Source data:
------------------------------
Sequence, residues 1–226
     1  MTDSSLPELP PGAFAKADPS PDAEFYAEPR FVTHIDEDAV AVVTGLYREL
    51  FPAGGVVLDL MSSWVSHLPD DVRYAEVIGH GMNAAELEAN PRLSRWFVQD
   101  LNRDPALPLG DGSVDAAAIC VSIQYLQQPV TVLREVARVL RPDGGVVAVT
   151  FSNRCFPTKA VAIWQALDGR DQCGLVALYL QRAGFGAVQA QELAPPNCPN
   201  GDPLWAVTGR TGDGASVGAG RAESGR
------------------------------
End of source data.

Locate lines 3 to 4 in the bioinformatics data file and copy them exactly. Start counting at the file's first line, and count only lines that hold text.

    51  FPAGGVVLDL MSSWVSHLPD DVRYAEVIGH GMNAAELEAN PRLSRWFVQD
   101  LNRDPALPLG DGSVDAAAIC VSIQYLQQPV TVLREVARVL RPDGGVVAVT